MEXICO CITY – Mexican experts have discovered seven new Mayan archaeological sites and an “important concentration” of pre-Columbian graves in the southeastern state of Yucatan, the National Institute of Anthropology and History, or INAH, said.
The vestiges, which include architectural structures, ceramic pieces, lithic fragments and human burial sites, were found in the rural community of Sitpach, five kilometers (three miles) east of Merida, the state capital.
The pieces date back to the Maya’s Late Preclassic period (400 B.C.-200 A.D.), which “changes the previous chronology for this Maya region” in that area of the country, INAH said in a statement.
The finds were the result of a project to protect the archaeological heritage that lies in the subsoil on Merida’s outskirts, the statement said.
The new sites were found in an area covering roughly 1,000 hectares (2,470 acres) and are known as Oxmul, Polok Ceh, Cuzam, Chan Much, Nichak, Tzakan and Chankiuik.
According to INAH, Oxmul is an especially important archaeological site where 75 pre-Columbian graves were found containing the remains of Indians buried with polychromatic vessels and other ceramic pieces “never before seen in this Maya region.”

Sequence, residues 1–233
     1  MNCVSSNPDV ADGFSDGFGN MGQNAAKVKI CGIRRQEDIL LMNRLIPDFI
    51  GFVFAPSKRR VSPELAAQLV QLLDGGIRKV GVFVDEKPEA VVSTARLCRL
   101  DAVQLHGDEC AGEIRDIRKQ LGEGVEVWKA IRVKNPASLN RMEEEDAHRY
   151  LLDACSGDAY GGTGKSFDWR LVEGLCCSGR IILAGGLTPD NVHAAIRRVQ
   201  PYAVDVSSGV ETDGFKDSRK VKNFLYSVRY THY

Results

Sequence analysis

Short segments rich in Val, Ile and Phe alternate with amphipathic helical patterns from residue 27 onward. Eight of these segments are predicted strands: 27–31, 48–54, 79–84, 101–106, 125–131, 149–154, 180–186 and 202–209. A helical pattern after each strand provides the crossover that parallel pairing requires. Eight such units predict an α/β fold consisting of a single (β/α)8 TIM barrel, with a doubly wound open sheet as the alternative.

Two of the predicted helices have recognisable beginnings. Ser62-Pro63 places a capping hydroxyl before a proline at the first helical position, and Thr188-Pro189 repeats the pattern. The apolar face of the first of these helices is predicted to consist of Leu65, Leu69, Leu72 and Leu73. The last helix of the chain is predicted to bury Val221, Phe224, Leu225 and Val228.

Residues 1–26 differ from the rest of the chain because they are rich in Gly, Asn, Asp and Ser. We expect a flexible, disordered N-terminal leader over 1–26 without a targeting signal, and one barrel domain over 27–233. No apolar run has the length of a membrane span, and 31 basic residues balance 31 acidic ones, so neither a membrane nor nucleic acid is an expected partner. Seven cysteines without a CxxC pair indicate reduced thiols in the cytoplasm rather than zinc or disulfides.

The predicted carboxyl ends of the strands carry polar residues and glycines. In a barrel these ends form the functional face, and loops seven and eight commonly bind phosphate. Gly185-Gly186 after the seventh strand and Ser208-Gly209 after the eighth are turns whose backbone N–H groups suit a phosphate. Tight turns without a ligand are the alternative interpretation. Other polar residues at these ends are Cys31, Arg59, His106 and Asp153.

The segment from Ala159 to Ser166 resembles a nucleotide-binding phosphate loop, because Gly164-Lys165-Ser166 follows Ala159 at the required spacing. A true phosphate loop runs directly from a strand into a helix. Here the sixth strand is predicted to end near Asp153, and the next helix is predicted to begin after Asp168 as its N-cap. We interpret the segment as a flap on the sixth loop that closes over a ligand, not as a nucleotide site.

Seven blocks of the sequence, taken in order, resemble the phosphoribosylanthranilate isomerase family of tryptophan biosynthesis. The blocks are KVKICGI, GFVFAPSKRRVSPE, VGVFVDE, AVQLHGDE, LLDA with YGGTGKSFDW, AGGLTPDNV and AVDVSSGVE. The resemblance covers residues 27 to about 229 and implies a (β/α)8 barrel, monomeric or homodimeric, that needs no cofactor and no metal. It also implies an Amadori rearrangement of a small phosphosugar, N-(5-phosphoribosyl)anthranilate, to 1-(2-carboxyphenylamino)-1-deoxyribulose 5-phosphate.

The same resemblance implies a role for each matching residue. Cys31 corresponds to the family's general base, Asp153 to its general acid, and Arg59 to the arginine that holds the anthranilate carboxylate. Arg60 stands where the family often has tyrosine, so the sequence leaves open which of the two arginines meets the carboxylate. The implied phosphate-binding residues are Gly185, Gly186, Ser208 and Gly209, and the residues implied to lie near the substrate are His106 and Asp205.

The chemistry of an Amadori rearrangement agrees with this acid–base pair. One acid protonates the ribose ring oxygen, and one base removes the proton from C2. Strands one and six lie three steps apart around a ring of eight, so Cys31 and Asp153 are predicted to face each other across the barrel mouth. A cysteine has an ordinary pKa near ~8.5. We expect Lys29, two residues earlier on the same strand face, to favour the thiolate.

Archaeologist Luis Raul Pantoja Diaz, coordinator of the Merida Region Archaeological Project, said in a statement that these finds of “earlier, well-organized populations with an elaborate social stratification” have altered the previous chronology of the ancient Maya culture.
For example, archaeologists have corroborated their hypothesis that Yucatan’s northern region had been populated as far back as 400 B.C. – rather than only starting in the Classic period (200 A.D.-600 A.D.) as had been previously believed.
“These are areas of the municipality of Merida that were thought not to have been populated by such remote pre-Columbian groups because these are lands that weren’t productive,” Pantoja said.
Pantoja said archaeologists have found architectural structures made from materials that show evidence of “intense social and economic development.”
“We now know that in the space where Merida now sits there’s an early architecture, ceramic pieces, lithic fragments and human graves, basic elements that will serve to complete the history of this region of northern Yucatan,” he said.
The specialist said that thanks to the Merida Region Archaeological Project researchers have explored “more than 15 sites located on the outskirts of the city, where the INAH thus far has registered 29 points with archaeological vestiges; meanwhile, there are 170 sites registered in the entire municipality of Merida.”
All of the archaeological material recovered from the excavations will remain at INAH’s offices in the Yucatan, where it will be analyzed by specialists in archaeology, restoration and physical anthropology to determine its precise age. EFE